33 coyotes killed in Carolina Coyote Classic tournament

Chad Gilreath, William Reece, A.J. Snyder, and Wesley Jordan make up Team Snyder, who won the Carolina Coyote Classic with six coyotes.

Team Snyder takes 1st place

On the first day of the Carolina Coyote Classic tournament last Friday, 111 hunters from across the state had a difficult time luring the super-wary predators close enough for shots.

But after the winds calmed on Saturday and Sunday, they bagged 33 coyotes, 14 each the last two days and nights. Almost all of the coyotes were killed after dark, the majority between 1:30-5 a.m.

Team Snyder of Iredell County tied for first place with the Carolina Dog Killers of Union County with six coyotes each. Team Snyder won after a comparison of total weight of the kills at Albemarle’s American Legion Post 76.

“Last year the hunters killed 17 coyotes, so we broke that record pretty easily,” said John MacPherson of 704 Outdoors TV show, the event’s main sponsor. 

The first day’s segment resulted in hunters popping only five of the canine predators.

The first Coyote Classic in 2014 drew a dozen hunters, while last year’s event attracted 37.

“It has become popular as word has spread,” MacPherson said. “We have coyotes everywhere, even inside Charlotte’s city limits. 

“Many guys also are deer hunters who are upset about coyotes that hurt the state’s deer population. It’s impossible to get rid of all coyotes, but if you can remove enough in a given area, it gives deer some breathing room. A single female coyote will kill dozens of deer fawns each spring to feed her pups. They also kill other game animals, domestic livestock such as calves and family pets and they don’t have natural predators. Like every predator, they need some control; they don’t have natural enemies. Hunting tournaments are the best option.”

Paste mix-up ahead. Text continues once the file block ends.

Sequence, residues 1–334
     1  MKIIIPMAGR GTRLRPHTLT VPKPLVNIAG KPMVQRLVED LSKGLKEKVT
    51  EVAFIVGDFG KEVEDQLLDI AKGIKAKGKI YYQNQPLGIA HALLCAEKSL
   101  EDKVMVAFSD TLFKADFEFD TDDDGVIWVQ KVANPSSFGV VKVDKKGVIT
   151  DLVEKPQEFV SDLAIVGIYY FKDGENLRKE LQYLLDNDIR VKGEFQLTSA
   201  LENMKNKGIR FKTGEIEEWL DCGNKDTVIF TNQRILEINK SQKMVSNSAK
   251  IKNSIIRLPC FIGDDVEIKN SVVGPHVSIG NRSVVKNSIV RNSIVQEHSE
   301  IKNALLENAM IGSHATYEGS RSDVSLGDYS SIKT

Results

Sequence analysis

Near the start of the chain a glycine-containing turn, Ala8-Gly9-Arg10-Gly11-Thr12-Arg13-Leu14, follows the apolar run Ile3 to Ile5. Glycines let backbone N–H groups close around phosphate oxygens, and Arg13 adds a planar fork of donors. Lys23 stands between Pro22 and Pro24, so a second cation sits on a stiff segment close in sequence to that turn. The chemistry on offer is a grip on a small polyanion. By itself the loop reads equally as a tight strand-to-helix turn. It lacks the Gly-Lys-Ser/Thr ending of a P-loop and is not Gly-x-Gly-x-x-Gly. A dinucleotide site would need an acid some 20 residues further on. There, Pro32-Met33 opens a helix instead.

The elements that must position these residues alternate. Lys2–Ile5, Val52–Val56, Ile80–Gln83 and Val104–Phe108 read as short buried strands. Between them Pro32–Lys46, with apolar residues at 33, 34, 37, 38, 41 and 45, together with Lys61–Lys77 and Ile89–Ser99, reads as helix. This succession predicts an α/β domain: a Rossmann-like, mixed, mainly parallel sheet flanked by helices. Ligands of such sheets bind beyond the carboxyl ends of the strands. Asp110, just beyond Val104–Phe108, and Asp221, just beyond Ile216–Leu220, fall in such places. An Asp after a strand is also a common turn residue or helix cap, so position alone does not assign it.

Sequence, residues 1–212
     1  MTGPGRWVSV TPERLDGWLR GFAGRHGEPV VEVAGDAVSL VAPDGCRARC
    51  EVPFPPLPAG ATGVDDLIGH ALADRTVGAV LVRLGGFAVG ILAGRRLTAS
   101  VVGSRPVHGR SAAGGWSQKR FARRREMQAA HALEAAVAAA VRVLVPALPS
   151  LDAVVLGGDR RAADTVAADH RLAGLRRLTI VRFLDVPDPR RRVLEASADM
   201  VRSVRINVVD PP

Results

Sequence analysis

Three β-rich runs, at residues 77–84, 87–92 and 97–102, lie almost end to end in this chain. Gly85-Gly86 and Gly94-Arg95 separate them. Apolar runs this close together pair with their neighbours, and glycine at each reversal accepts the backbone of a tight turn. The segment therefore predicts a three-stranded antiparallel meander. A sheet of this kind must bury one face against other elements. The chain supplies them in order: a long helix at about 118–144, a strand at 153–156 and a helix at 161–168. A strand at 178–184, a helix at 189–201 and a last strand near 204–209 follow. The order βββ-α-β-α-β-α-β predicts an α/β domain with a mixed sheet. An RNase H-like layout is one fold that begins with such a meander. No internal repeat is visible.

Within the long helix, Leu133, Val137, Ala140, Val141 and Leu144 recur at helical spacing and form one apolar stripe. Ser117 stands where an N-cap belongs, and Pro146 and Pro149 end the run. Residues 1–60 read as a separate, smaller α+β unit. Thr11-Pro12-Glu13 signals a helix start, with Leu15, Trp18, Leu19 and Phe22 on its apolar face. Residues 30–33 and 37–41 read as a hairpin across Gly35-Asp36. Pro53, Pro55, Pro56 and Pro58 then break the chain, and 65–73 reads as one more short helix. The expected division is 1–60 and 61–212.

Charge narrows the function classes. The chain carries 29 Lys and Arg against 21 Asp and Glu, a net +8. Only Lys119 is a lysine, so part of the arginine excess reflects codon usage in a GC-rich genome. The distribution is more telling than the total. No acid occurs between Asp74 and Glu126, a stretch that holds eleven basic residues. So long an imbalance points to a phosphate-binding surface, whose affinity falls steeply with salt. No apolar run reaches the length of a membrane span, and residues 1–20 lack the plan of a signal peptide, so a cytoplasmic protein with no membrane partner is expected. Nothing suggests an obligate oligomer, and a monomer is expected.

A.J. Snyder was captain of Team Snyder. Other members included Chad Gilreath, William Reece and Wesley Jordan. Snyder said his team probably owned its victory to Gilreath oversleeping the first night.

“We were going some place else, but we had to go near his house,” Snyder said.

“I set up an electronic call at 5 a.m. and three came out of some woods,” Gilreath said. 

Armed with a .22-250 rifle mated to a 6.5 Photo ambient-light/infrared scope, Gilreath shot the largest coyote, then quickly dropped a second one. The third ran into some woods, then came back out to investigate, and Gilreath downed it.

“I’d never killed a triple,” he said. “It only took about 45 seconds.”

Snyder later used a 12-gauge Remington pump shotgun to nail a coyote that ran within a few feet of him. His scattergun had a night-scope for close-range shots.

“You never know when coyotes will pop out near a call and too close for a rifle shot,” he said.

Reece, who killed two coyotes, bagged the event’s largest male, weighing 39.70 pounds. He earned a .22-250 rifle package, Bob’s Custom call, skull mount and cash.

John Alden of Iron Station, a Fox Pro staff member, dropped the No. 2 coyote, which weighed 38.20 pounds. He downed one coyote the first two days and four more after 12:01 a.m. Sunday. He used a tack-driving AR-10 DPMS rifle chambered in .243 caliber that shot hand-loaded 58-grain Hornady VMax bullets. He used a D 3760 night-vision/infrared scope to win a Sniper Hog Light and Bass Pro Shops gift card.

Cody Ahlstrom of Waxhaw, a member of the Carolina Dog Killers, dropped three coyotes within two minutes early Sunday morning. He used a .243 Winchester rifle with a night vision/infrared scope.

“They came from 1,100 to 1,200 yards away to a pig distress call and pig squeal,” said Ahlstrom, who nailed the coyotes at 200 yards.

Ahlstrom’s team members included Trent and Smitty McWhorter and Scottie McCorder, all from Monroe.

The N.C. Wildlife Resources Commission opened night hunting for coyotes and feral pigs on private lands with the use of electronic calls on Aug. 1, 2012.

Craig Holt
About Craig Holt 1274 Articles
Craig Holt of Snow Camp has been an outdoor writer for almost 40 years, working for several newspapers, then serving as managing editor for North Carolina Sportsman and South Carolina Sportsman before becoming a full-time free-lancer in 2009.